Unit 116 Photographic Materials, Techniques & Technology - Darkroom Equipment & Techniques

Darkroom health and safety

  • Keep the work area clean and uncluttered to prevent tripping over hazardous chemical bottles.
  • Separate the wet and dry areas.
  • Always segregate chemicals. 
  • Do not store chemicals on the floor or on the on the edge of a table.
  • Do not eat, drink in the darkroom.
  • The darkroom should be well ventilated.
  • Wear appropriate protective equipment whenever possible, such as gloves, goggles, etc.
  • Always wash hands with soap  after working with chemicals.
  • Pregnant women should not be exposed to powdered developer.
  • Keep all containers and trays closed or covered when not in use to prevent the release of toxic gases.


All photographic processing use a series of chemical baths. Processing, especially the development stages, requires very close control of temperature, agitation and time. 

The film is put in to the develop, depening on the ISO of the film cheas the amont of time it spends in the developer. for insten


Darkroom Manipulations/Techniques

Is like old school Photoshop but without the computers instead a lot of it is do by hand and guesswork. 

Dodging and burning are used to lighten or darken a part of the photograph to get better details in highlights and shadows.Dodging is a very important part of the manipulation process. Dodging holds back exposure in order to make it light.

Dodging can be used by hand or specific tools such as black cardboard or opaque materials so that shadows can lighten the image. Dodging is best when used in a circular motion on the image to get the desired result.


Burning is when the image receives more exposure so the image can darken. To avoid a very obvious change between the burned-in area and the rest of the image, the device must stay in motion. Burning is a longer process because it needs a longer exposure and time to change the image.


Solder burn, where you use a solder to burn the image after the image has develop

Sandwich printing is where 2 image are developed together on the same paper

Scratching is where you scratch the image using a sharp object to create

Darkroom Process

In ever darkroom you will have an enlarger this will produce photographic prints from film. it dose this by shining a light though the film carrier and out the lens onto the light sensitive paper. The paper then is put in to the Developer then put into the wash then into the fix and then back into the wash. This process is done multiple times until you get the perfect result or until you run out of paper.


A developing tank is a light-tight container used for developing film. A developing tank allows photographic film to be developed in a daylight environment.


Paterson Micro Focus Finder is invaluable for making sharp enlargements by giving a highly magnified image which allows you to find the grain and control focus aiding sharpness.




To move a solution over the surface of film or paper during processing to insure fresh chemistry comes into contact with the surface. Agitation should take place during each step of the printing process by gently rocking the tray.


Chemical solution that converts the latent image (still invisible) in exposed film to a visible image.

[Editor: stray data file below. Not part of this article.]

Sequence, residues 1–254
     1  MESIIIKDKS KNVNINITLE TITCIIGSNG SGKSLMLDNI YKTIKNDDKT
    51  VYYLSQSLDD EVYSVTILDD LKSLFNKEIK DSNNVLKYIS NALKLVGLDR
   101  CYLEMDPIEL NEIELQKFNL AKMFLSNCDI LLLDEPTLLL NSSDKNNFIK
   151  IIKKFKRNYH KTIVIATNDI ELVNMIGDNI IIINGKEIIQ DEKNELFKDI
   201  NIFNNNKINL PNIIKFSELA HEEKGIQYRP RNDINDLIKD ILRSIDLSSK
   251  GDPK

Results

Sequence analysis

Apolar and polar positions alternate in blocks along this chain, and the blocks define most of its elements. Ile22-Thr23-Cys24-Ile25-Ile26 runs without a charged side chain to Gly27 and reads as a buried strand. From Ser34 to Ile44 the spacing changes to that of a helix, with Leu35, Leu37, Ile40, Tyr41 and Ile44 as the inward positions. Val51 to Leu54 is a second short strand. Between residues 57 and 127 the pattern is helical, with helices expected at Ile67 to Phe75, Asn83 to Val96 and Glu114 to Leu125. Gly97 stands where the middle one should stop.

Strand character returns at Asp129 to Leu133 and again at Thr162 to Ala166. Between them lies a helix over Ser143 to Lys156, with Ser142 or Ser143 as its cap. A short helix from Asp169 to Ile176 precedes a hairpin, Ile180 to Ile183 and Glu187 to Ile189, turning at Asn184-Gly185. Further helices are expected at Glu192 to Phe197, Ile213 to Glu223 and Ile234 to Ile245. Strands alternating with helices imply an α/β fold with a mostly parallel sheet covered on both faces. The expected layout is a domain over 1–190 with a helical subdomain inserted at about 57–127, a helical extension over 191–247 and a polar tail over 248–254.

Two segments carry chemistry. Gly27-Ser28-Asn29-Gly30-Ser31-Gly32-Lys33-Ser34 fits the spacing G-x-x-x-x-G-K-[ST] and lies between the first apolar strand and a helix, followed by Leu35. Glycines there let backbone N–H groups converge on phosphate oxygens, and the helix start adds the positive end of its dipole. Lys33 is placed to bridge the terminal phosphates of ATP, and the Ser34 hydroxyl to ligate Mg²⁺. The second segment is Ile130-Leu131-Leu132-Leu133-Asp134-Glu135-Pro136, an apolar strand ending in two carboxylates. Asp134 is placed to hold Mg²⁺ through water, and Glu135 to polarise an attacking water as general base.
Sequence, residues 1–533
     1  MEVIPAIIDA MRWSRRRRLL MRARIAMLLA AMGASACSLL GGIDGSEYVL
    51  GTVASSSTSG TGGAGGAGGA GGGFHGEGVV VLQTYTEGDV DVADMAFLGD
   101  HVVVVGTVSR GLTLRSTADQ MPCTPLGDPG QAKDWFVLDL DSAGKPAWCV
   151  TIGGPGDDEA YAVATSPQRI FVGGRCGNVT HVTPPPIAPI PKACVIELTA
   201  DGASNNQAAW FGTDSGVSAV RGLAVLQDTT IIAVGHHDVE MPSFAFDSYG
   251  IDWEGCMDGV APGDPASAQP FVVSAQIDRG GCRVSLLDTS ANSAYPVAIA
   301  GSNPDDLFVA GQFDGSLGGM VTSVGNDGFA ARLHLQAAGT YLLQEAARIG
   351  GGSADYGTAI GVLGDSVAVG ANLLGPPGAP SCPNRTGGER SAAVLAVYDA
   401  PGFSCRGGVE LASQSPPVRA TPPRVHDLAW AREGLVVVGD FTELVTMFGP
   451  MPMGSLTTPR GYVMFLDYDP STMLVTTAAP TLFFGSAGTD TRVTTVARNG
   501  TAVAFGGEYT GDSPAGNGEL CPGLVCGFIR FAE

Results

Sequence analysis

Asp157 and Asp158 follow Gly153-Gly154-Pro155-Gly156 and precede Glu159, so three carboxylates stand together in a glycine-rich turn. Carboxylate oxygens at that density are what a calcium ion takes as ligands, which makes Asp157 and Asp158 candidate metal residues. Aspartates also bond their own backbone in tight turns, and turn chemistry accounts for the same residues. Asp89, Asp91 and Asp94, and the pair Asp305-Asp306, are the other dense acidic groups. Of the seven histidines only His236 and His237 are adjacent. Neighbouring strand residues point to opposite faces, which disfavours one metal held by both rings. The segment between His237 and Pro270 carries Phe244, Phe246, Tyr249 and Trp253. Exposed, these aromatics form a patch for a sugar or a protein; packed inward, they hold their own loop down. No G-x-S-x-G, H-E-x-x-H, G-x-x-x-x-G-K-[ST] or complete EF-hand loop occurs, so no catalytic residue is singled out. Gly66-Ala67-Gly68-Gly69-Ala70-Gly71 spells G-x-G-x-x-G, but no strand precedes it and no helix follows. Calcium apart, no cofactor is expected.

Stop Bath

Chemical solution that stops the development of the print.


Chemical solution (sodium thiosulfate or ammonium thiosulfate) that makes a photographic image insensitive to light. Fixer, also called Hypo, dissolves unexposed silver halide crystals while leaving the developed silver image.

Water Rinse

Preliminary rinse to minimize residual fixer from contaminating archival rinse.


Negative or print with minimal differences in brightness between light and dark areas. Necessary to use a higher contrast filter.


Negative or print with very significant differences in brightness between light and dark areas. Necessary to use a lower contrast filter.

Solarisation  is a process which involves re-exposing a photographic print to white light during the development of the print

ILFORD PLUS films (like HP5 PLUS) are an improved version of conventional technology black and white films. Their grain structure is similar to the traditional B&W films used for over a century.

ILFORD DELTA PROFESSIONAL films use a newer crystal structure called Core-Shell. These new technology crystals capture light more efficiently, offer a smoother tonal range, finer grain and greater sharpness than conventional technology films. DELTA PROFESSIONAL films, however, are generally less flexible when it comes to exposure and processing conditions than the plus range of films.

ILFORD MULTIGRADE FB CLASSIC is a premium quality, variable contrast, black and white photographic paper on a heavyweight baryta coated, fibre base. It is designed for creative printers wanting neutral image tone, great clarity and a good response to toners.

Versatile and easy to use, this paper creates rich deep blacks and has excellent tonal rendition.  MULTIGRADE FB CLASSIC responds well to toning, chemical reduction and retouching techniques, particularly on the glossy surface.

KENTMERE VC SELECT is a high quality, black & white variable contrast paper on a bright white resin coated base.

Ideal for students and hobbyists, KENTMERE VC SELECT delivers a wide tonal range and excellent image quality throughout its wide contrast range.